Just like Scott Peterson's in-laws, police were almost immediately suspicious after the fertilizer salesman reported his pregnant wife missing.

Within hours of responding to Peterson's home Christmas Eve, 2002, police summoned a detective -- an uncommon practice for a missing persons case, Modesto Police Sgt. Byron Duerfeldt testified Thursday during Peterson's murder trial.

"Based on what they told me I felt it was necessary to have a detective respond," Duerfeldt said.

Duerfeldt was stopped from explaining what the officers told him they saw in the home because he is not allowed to testify about what others said.

Prosecutors allege Peterson killed his wife, Laci, in their Modesto home, then dumped her body from his small boat on San Francisco Bay. His attorneys have speculated someone else abducted her while she walked the dog and have accused authorities of focusing too quickly on Peterson while ignoring other leads.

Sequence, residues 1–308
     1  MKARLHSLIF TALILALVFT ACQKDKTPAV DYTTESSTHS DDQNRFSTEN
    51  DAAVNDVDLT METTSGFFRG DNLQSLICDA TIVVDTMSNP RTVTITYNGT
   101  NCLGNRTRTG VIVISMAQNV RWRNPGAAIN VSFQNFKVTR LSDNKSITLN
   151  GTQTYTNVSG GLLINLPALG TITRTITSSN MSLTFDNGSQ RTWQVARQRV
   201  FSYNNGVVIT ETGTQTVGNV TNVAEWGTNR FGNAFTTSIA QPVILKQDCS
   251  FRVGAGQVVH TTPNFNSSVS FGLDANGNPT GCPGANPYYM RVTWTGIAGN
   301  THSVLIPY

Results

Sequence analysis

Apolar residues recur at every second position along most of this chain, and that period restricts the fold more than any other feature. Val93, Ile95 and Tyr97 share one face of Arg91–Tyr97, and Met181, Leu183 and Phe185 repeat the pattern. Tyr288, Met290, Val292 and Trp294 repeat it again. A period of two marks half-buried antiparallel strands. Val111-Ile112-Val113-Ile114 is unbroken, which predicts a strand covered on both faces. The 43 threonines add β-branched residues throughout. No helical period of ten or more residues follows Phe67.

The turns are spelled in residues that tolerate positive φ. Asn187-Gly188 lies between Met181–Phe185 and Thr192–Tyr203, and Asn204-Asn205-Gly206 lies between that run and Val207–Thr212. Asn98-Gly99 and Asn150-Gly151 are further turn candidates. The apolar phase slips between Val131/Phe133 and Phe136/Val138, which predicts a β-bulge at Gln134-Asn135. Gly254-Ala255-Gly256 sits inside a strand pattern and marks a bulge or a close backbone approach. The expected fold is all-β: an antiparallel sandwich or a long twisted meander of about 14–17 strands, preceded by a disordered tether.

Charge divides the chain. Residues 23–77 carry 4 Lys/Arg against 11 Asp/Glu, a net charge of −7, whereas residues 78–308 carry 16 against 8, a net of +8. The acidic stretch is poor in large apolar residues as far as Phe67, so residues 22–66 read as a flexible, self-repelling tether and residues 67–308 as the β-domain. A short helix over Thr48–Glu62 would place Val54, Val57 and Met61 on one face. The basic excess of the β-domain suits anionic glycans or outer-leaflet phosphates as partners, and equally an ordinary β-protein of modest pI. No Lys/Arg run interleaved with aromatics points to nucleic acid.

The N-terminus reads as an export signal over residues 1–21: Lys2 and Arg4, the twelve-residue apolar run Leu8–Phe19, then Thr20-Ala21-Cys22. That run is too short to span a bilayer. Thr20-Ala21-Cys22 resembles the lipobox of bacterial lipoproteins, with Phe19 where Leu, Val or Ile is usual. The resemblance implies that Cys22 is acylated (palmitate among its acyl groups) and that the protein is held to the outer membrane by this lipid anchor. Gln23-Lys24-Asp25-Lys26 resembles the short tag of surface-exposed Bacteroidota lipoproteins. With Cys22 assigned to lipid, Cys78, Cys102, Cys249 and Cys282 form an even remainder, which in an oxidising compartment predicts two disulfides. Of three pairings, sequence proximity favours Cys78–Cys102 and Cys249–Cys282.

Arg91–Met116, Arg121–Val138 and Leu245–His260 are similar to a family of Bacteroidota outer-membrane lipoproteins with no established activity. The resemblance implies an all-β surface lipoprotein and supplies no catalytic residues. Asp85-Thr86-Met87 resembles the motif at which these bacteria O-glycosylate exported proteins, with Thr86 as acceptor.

The remains of Laci Peterson (search) and her fetus washed ashore nearly four months later, just two miles from where Scott Peterson (search) claimed to have been fishing.

Duerfeldt was the first law enforcement officer to testify in the trial, which concluded its second week of testimony Thursday. If convicted, Peterson could face the death penalty or life in prison.

Earlier, Peterson neighbor Susan Medina testified about a burglary at her home after she and her husband left on Dec. 24, 2002, to visit family and returned two days later.

Defense lawyers have hinted the burglars may have been involved in Laci's disappearance. But prosecutors said the Petersons' dog was found wandering alone in the street before the Medinas left their home at midday -- indicating Laci disappeared before the break-in.

Police recovered much of the stolen property and arrested two men in the case, ruling out any connection to Laci's disappearance.

Medina later testified she saw nothing unusual in the neighborhood that morning.

"You didn't see anybody drag anything out of the house? You didn't see anybody load anything into a truck?" defense lawyer Pat Harris asked.

"No," Medina replied.

"You could see directly what's going on at the Petersons' house in the driveway?" Pat Harris asked.

"Correct," she replied.

Testimony was to resume Monday with additional police officers taking the stand.